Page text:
By Charlotte Henry
I have always been protective over my brother – throughout my parent’s turbulent relationship we sought solace from one another and throughout the years of bullying he endured I sought to protect him, often turning up unexpected when my high school broke up early to confront his bullies in the school yard. Following his conviction, I was powerless to protect him and was tormented to the brink of insanity. I knew we had to change the law, but I just didn’t know how.
The law of joint enterprise as it stood at the time, was that to be convicted of murder as a principal offender (the one who dealt the fatal blow), the prosecution must prove that he intended to kill or commit at least very serious harm. However, for the secondary offender (the one who did strike the fatal blow or even necessarily physically or verbally assist or encourage the killing), would only need to foresee the possibility that another person would kill or commit at least very serious harm. It was this lack of intent which created the anomaly where it was easier to convict a secondary offender than the principal who actually struck the blow, wielded the knife, or pulled the trigger. This lesser culpability coupled with the fact that secondary offenders receive the same sentence as their principal counterparts, for us was an injustice worth fighting against.
Alongside other families from the campaign Joint Enterprise Not Guilty by Association (JENGbA) we began our fight against joint enterprise, appearing on television, radio and in print – we told Alex’s story far and wide in the hope of raising public awareness and ultimately achieving law reform. It was an article about Alex in Daily Mail’s You Magazine https://www.dailymail.co.uk/home/you/article-2743794/My-brother-not-murderer-How-one-woman-gave-fight-justice.html which unexpectedly resulted in something we had long resigned to the past – a diagnosis for Alex. The article described Alex’s emotional fragility, anxiety and depression, inability to cope with breaks in routine and excellent abilities in mathematics and chess. A reader then emailed us through Alex’s website (www.justiceforalexhenry.co.uk) and asked us if we had ever had Alex screened for autism. I showed my mother the email and we spent the following days avidly researching autism. We were astounded by the similarities – Alex could be autistic!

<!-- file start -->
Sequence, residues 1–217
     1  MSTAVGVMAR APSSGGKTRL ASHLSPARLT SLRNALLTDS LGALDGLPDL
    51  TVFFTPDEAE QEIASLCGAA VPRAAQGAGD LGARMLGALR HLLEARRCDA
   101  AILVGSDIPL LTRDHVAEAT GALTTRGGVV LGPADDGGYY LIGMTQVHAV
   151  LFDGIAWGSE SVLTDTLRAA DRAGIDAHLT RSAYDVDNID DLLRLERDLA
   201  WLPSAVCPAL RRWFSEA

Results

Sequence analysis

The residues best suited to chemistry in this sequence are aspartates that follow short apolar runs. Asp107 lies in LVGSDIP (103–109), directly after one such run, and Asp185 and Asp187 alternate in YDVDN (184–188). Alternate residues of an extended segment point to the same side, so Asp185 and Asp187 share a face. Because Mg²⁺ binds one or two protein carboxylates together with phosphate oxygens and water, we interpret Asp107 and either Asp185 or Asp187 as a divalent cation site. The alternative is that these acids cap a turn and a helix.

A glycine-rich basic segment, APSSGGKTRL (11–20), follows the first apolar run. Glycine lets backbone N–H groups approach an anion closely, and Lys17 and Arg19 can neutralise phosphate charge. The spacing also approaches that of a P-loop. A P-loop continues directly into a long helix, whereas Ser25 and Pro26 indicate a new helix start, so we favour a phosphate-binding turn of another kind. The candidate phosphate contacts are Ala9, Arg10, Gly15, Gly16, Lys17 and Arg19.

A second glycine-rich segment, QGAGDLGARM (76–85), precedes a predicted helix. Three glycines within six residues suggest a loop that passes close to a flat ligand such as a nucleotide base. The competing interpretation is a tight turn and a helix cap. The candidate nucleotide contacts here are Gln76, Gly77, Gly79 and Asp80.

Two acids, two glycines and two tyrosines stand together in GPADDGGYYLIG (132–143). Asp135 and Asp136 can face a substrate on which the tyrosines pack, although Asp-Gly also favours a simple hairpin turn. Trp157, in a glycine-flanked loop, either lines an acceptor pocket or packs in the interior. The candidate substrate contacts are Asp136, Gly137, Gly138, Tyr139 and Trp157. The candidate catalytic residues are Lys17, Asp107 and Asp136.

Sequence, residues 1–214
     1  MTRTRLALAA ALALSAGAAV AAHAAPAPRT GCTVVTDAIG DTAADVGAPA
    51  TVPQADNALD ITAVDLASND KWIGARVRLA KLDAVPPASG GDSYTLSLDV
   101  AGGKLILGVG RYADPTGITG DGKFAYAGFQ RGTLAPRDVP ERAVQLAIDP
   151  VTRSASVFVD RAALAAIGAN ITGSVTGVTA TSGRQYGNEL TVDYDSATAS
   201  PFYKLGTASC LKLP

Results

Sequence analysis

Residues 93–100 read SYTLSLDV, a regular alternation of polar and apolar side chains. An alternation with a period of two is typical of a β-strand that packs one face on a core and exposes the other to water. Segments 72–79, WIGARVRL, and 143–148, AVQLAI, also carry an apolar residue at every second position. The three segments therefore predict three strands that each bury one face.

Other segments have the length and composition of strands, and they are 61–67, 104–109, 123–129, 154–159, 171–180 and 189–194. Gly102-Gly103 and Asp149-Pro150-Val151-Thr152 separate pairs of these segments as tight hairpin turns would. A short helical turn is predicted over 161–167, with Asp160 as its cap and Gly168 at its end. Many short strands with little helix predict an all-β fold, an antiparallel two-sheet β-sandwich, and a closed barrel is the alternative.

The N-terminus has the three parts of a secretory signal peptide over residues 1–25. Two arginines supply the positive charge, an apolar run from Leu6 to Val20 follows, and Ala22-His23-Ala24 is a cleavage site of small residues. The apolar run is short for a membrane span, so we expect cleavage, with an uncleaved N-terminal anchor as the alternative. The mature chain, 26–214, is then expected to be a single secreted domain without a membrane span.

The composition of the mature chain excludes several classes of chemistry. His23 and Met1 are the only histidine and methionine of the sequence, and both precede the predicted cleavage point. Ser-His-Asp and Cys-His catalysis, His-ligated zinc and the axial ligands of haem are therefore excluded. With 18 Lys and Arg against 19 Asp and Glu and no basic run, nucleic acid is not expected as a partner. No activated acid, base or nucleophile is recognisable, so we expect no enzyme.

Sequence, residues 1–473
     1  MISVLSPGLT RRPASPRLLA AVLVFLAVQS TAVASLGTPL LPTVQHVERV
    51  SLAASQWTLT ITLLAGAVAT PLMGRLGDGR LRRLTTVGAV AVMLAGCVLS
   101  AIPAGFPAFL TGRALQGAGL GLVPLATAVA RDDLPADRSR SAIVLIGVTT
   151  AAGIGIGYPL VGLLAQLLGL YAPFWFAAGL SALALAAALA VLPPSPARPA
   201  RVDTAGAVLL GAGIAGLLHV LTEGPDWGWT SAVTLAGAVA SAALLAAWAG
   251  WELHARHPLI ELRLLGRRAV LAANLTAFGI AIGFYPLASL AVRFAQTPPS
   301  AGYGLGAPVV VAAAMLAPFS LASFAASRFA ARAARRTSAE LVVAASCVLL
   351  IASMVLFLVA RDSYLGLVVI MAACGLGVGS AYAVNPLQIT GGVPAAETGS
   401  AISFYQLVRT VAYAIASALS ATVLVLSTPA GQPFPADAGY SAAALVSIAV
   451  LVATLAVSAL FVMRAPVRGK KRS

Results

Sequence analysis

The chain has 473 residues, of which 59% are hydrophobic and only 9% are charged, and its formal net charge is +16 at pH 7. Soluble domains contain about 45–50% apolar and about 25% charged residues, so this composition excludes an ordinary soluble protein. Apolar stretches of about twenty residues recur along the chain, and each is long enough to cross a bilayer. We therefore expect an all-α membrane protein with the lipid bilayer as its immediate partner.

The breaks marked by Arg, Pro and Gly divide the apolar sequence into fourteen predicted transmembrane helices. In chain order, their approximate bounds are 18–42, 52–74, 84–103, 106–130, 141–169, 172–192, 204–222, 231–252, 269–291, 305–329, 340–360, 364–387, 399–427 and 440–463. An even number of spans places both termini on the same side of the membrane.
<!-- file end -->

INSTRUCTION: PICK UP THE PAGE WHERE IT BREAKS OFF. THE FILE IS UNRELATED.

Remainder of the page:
From that moment mum worked tirelessly to obtain an assessment. All the rejection and trauma suffered at the hands of hapless government bodies made her determined to obtain a private assessment for Alex – which was not an easy feat. After several rejections, it was ultimately the kindness and compassion of Professor Baron-Cohen who assessed Alex pro bono.
I’ll never forget the day we received the diagnosis. I felt sick and the world blurred, as mum with her phone shaking in her hand, read the email aloud. ‘Alex is autistic’ she read as the world span back sharply into focus – we had done it, finally we had an answer.
The Professor’s report described Alex as a very vulnerable young man who finds it hard conforming to social norms, planning, making good decisions, reading cues and understanding social situations – all of which can get him into trouble. He cannot easily interpret or predict the intentions of others in real time, particularly in fast-moving, spontaneous situations.
But this was only half the battle won, and wiping away the tears we set about a new task – showing the Court that with the theory of mind difficulties Alex suffers from, he could not have understood Ferguson’s intentions, he could not have predicted his behaviour and therefore he could not have foreseen the use of the knife – he was not guilty.
The leave to appeal against conviction was heard on the 14th and 15th June 2018, with the eminent Professor Baron-Cohen giving evidence for Alex’s defence. Fresh evidence, to be adduced on appeal must be fresh as in ‘reasonably not discoverable at trial’ and it must be capable of belief and relevant. It was the evidence of Baron-Cohen that since autism is an invisible disorder it is often overlooked my professionals and therefore was not necessarily discoverable at trial. It was capable of belief as Baron-Cohen, leading expert in the field was certain Alex was autistic. It was entirely relevant as it is very unlikely that Alex could have understood the intentions and motivations of Ferguson and therefore would not have foreseen the use of the knife and therefore is very unlikely to be guilty of the offence. The Crown on the other hand submitted that the diagnosis was not fresh as Alex’s legal team should have had Alex assessed prior to trial and it was also not capable of belief as my mother’s PhD in Psychology would have enabled her to ‘coach’ Alex in how to act autistic and because, in the prosecutors view, autistic people can’t laugh and Alex laughed with a co-defendant during a break in the proceedings.
On 11th August 2018 Alex’s permission to appeal was refused. Lord Thomas, Lady Hallet and Lord Goss agreed with the Crown, they knew more than Baron-Cohen in the field of autism – ‘At worst Henry suffered from mild mental illness’ [Grant Murray and others  EWCA Crim 1228 para 71.
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